Leading in a “VUCA” world: Finding Clarity through Story
It’s a Volatile, Uncertain, Complex and Ambiguous (VUCA) world out there. Dr. Bob Johansen says we might as well get used to it. Johansen is the former president and CEO of the Institute for the Future, and the author of two terrific books on forecasting (Get There Early) and leadership (Leaders Make the Future). I recently asked him about leadership principles for these tumultuous times. He says clarity is the key, and story is one important way that leaders create clarity.
Let’s start with the question I’m sure is on most everyone’s mind: In 2007 you wrote that, “The next 10 years will be extremely challenging, and they will feel that way to almost everyone.” Are we really in for another seven years of this?
Yes. I think we have to assume that we’re living in a permanently VUCA world. You’re better off assuming that there’s going to be Volatility, Uncertainty, Complexity and Ambiguity. But there are still going to be winners and opportunities and the potential to make the world a better place. We just need to change our expectations.
All this uncertainty can leave employees unfocused or even paralyzed. As leaders, how do we keep our teams focused and productive?
The leadership skill is clarity. Clarity’s always been important, and in a VUCA world it’s even more so. The way to succeed is to be very clear about where you want to go, and very flexible about how you’ll get there. In the military that’s called “commander’s intent.” The leader defines the outcomes, but empowers teams to figure out how.
You make a strong distinction between “problems” and “dilemmas” – why is that so important?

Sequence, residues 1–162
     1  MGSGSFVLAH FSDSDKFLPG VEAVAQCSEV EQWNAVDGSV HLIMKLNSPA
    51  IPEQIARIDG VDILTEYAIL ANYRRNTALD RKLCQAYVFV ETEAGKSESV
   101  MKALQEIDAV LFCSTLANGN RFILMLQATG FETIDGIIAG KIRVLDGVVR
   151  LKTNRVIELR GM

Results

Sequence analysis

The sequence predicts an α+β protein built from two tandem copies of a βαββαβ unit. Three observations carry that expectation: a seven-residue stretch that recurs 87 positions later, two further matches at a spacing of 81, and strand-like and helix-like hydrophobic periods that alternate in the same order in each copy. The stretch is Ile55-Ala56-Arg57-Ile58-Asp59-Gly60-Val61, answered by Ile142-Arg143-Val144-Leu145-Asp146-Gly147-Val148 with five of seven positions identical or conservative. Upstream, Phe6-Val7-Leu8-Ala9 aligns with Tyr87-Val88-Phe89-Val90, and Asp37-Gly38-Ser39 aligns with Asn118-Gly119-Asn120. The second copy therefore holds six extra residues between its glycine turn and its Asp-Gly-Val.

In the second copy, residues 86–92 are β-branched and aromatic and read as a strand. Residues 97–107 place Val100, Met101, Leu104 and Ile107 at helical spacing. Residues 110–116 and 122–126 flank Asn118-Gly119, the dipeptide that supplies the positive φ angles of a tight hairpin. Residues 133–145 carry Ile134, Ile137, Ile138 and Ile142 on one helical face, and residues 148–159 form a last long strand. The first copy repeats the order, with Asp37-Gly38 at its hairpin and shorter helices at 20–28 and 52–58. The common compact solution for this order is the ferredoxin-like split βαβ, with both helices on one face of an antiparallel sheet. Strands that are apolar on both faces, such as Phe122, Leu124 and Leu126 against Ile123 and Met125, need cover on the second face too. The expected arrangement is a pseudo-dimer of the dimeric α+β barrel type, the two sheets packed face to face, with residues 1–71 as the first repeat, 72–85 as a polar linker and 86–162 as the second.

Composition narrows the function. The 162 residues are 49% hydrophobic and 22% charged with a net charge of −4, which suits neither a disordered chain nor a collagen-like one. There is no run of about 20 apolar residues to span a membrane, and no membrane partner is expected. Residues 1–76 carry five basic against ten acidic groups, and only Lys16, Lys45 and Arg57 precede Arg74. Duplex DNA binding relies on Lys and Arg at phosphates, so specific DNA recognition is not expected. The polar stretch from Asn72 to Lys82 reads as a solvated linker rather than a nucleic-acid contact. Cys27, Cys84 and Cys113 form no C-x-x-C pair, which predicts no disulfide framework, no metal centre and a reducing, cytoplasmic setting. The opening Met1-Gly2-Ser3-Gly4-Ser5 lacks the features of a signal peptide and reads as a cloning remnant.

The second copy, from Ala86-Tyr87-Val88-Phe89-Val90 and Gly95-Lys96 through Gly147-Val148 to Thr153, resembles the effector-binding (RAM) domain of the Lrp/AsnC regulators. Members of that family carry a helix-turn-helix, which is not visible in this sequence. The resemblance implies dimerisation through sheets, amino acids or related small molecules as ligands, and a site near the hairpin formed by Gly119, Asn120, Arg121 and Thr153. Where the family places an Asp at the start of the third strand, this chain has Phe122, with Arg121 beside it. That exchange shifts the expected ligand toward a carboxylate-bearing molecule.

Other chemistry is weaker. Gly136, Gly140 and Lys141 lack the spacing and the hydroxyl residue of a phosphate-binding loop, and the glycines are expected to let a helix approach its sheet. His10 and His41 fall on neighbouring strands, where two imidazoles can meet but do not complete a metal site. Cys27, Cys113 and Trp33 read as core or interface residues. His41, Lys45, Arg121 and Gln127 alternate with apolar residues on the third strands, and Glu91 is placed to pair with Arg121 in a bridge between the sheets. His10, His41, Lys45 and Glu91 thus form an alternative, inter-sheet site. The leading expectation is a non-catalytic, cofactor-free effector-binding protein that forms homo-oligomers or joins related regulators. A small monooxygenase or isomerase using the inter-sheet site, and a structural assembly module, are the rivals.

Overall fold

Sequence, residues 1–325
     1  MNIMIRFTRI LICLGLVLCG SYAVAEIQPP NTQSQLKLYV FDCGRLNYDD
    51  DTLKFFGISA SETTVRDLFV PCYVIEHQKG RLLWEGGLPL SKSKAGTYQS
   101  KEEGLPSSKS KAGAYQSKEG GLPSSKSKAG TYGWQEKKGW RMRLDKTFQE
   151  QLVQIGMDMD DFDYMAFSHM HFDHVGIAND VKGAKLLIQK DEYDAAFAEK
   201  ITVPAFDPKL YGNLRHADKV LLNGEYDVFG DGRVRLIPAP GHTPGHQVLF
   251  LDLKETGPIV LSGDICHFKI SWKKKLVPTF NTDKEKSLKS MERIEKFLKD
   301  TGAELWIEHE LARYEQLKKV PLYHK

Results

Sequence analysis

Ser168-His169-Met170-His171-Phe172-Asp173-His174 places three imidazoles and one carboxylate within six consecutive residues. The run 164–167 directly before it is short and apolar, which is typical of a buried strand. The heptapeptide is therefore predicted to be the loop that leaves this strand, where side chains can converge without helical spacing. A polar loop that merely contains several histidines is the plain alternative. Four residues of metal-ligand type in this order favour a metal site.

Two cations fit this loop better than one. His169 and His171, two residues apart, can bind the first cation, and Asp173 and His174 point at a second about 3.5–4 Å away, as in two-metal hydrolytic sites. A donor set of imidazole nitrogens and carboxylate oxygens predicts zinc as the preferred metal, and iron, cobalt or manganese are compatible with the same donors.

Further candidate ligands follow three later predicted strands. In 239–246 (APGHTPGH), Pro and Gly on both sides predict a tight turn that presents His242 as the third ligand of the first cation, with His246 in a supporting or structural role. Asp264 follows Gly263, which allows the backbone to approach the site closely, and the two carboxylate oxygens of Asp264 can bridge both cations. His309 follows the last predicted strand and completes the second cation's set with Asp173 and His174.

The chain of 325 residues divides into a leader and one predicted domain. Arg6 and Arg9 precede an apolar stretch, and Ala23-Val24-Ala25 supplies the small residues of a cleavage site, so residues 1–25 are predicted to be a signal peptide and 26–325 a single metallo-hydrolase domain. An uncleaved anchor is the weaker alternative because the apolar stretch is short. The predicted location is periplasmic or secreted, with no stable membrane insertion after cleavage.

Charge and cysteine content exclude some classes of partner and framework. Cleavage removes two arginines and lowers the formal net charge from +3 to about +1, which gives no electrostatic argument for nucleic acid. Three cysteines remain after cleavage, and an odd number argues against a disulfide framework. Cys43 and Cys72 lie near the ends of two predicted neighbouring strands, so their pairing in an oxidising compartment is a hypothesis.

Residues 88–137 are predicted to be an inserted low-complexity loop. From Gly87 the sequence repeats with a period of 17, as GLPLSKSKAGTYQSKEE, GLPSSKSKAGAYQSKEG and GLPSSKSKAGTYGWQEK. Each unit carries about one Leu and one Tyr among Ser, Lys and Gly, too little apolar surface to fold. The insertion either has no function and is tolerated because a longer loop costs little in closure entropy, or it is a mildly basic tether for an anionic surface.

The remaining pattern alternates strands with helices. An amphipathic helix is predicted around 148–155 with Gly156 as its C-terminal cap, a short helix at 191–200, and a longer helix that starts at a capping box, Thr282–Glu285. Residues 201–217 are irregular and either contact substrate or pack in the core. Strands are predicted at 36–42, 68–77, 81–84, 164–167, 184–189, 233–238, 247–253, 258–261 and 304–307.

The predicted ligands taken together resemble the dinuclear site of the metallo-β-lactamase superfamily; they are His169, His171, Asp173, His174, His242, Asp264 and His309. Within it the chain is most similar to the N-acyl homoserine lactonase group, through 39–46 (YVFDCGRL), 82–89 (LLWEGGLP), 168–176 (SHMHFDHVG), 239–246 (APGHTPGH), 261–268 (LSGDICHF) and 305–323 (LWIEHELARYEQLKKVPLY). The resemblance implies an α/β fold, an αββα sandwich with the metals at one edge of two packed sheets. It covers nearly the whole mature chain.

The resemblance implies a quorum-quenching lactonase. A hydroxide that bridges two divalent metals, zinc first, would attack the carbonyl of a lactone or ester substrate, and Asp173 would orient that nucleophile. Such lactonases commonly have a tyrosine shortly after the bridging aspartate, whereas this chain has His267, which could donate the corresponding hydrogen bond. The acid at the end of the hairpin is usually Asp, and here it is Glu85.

A problem can be solved, and a dilemma cannot. If a leader sets the expectation that a problem will be solved and then it’s not, then the leader is in a big hole. There’s a better approach: Set the expectation that this is a dilemma no one is likely to “solve,” but that we’re going to figure out a way to make it better.
So for example, if you’re a large manufacturer and you’re selling to Walmart, you will probably come to realize that Walmart is both a very large customer and a very large competitor – and since we’re never going to solve that problem, we have to figure out how to make it work. We have to build strategies that allow them to be both a competitor and a customer.
This is the leadership skill I call “dilemma flipping.” You realize you’re not going to problem-solve your way out of this, that a lot of the challenge you have won’t be solvable and yet you have to figure out a way to win anyway. The world may be VUCA, but you still have to make decisions. You still have to find ways to win.
We’re trained in school to solve problems, and many of our large organizational cultures are built around this same notion. How do we make the shift from trying to solve problems to embracing the mystery inherent in dilemmas?